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Int J Epidemiol. 1994 Jun;23(3):632-42.

Sex differences in measles mortality: a world review.

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Harvard School of Public Health, Department of Population and International Health, Boston, MA 02115.



In general females have a lower mortality than males at all ages. Excess female mortality has been documented in certain high mortality situations, in particular in South Asia. However, females may have a higher mortality for certain causes of death. One of the causes of death for which excess female mortality is suspected is measles.


Sex differences in measles mortality are investigated using all national data on causes of death published by WHO since 1950. An index of excess mortality is used: the geometric mean of the female sex ratios of age-specific deaths rates from measles, from age 0 to 44 years.


When pooled together, the results show an excess of female mortality from birth until age 50 years. The excess female mortality appears small at age 0-4 (+4.2%), larger at age 5-14 (+10.9%) and peaks during the female reproductive period, at age 15-44 (+42.6%). This pattern of excess female mortality occurs in all the major regions of the world: Europe, North and South America, Far-East Asia, the Middle East and South Asia. The only noticeable exceptions are the Philippines and Thailand. The validity of the finding is extensively reviewed. Emphasis lies on the statistical power to prove that sex differences in measles mortality do exist, on the critical analysis of a case study in England and Wales, on the comparison with the overall pattern of sex differences and on available data on sex differences in incidence. Possible explanations are reviewed.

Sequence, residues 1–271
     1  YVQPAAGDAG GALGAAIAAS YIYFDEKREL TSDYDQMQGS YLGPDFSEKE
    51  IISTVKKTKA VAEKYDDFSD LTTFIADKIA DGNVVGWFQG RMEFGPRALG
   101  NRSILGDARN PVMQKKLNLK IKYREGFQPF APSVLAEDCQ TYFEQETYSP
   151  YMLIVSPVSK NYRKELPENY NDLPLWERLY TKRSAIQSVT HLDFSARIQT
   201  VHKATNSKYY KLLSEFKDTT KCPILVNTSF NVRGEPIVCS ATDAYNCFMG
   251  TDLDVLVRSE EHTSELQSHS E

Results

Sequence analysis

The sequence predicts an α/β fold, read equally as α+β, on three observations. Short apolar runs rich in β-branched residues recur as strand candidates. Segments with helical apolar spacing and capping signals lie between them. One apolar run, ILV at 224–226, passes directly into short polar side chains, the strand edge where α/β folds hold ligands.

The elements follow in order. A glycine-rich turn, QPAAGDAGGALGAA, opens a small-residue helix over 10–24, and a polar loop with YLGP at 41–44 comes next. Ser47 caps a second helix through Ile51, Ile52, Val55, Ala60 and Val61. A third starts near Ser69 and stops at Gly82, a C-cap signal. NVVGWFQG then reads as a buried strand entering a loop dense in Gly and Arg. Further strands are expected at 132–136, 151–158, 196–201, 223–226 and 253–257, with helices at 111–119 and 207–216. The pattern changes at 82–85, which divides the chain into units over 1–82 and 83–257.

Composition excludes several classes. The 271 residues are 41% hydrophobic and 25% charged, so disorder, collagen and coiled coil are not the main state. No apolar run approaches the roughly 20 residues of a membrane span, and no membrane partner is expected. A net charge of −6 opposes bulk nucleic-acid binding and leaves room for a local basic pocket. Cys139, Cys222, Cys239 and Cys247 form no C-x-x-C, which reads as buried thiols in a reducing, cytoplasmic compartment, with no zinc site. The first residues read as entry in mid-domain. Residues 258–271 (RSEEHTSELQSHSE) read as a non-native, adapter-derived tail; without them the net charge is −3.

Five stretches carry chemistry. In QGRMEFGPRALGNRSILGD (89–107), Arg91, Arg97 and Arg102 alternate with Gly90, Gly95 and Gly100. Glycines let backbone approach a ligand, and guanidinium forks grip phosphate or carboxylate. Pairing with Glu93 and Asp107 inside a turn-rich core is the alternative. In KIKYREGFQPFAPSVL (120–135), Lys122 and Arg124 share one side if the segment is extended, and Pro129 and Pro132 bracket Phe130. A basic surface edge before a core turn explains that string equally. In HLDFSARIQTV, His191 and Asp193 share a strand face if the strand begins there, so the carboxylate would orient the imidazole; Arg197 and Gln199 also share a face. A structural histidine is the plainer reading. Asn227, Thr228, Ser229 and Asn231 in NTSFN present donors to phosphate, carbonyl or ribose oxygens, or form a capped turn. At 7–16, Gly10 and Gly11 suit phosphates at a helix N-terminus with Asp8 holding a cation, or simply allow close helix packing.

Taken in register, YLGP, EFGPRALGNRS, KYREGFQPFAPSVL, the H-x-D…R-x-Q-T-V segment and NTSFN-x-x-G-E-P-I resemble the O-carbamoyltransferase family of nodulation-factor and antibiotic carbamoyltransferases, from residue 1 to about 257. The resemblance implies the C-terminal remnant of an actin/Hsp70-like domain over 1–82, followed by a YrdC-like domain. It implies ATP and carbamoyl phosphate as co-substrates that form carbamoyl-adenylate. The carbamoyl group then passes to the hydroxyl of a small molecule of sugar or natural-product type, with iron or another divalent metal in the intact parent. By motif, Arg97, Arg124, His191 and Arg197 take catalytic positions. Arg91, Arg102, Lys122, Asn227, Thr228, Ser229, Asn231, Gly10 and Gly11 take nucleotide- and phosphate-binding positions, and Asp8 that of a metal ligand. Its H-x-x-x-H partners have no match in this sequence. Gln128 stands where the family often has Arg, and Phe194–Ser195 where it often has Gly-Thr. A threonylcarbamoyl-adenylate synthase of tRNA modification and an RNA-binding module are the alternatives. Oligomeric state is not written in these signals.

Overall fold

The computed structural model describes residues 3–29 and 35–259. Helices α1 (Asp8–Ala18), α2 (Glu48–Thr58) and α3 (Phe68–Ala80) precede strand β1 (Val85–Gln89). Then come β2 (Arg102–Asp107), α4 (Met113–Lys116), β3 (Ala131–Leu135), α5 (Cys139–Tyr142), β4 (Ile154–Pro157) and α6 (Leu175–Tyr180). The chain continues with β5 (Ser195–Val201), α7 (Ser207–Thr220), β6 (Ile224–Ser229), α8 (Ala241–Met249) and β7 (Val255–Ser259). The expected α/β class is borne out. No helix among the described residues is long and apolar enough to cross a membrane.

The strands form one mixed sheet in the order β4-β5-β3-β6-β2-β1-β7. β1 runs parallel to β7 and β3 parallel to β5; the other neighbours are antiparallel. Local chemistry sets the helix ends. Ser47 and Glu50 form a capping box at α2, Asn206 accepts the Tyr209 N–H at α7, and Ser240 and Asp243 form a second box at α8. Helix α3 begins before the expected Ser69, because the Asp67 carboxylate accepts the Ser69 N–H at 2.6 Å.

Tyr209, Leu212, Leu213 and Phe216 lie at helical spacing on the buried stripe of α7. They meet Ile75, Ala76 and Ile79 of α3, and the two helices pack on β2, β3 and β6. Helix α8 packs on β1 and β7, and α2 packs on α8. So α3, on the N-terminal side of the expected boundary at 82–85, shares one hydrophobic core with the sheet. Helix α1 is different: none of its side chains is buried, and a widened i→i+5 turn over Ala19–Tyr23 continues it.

Sex differences in measles mortality were examined among 78 countries and 1500 country years between 1950 and 1989; countries were classified by the regional pattern of mortality defined by Coale and Demeny or the UN. Some countries were assigned to the West regional pattern. Data were obtained from the World Health Organization (WHO) compilation, which excludes some large countries such as China, India, Pakistan, Bangladesh, Brazil, and most of tropical Africa. Morbidity data from WHO was also used and covered 23 countries for 356 country years by age and 17 countries for sex and limited age groups. Variables included the following: measles death rate (DR), incidence rate (INC), case fatality rate (CFR), relationship (DR/CFR), female sex ratio (FSR) for each of the preceding measures, and the variance in the logarithm of the estimated measures (VarLog). The results showed that age patterns of mortality declined markedly between aged 0-4 years and 45-49 years, and then increased thereafter. Measles mortality at age 85+ was as high as at age 15 years. At ages 0-4 years the measles DR was 166 per million persons years and at aged 5-9 years, 20 per million person years. The FSR was higher than 100 between ages 0 and 45-49 years, and below 100 after age 50 years, with a high degree of statistical significance. Female excess mortality appeared as early as aged 0-4 years (+4.2%) and 5-14 years (10.9%), but peaked at 25-29 years (88%). Excess female mortality was 42.6% at ages 15-44 years compared to males. The weighted geometric mean of death rates at ages 0-44 years was 105.5 with a confidence interval of 105.0 to 106.0. A comparison of observed with expected values of FSR in a West model life table showed excess female mortality of 39% at ages 0-4 years, 43% at 5-14 years, and 88% at 15-44 years; there were no differences between the observed and expected values after age 45 years. Regional variations showed excess female mortality of 3% in Europe, 6.2% in North America, 5.9% in Far East Asia, 4.3% in Latin America, and 20.9% in the Middle East. There was a range of FSR of 1.7% to 21.3% in the 5 regions, but values were particularly high in the Middle East. At ages 5-14 years, the range was 8/3% to 29.2%. A comparison of observed and expected values showed a range of 21-55% higher FSR values. Country-specific analysis showed some anomalies.

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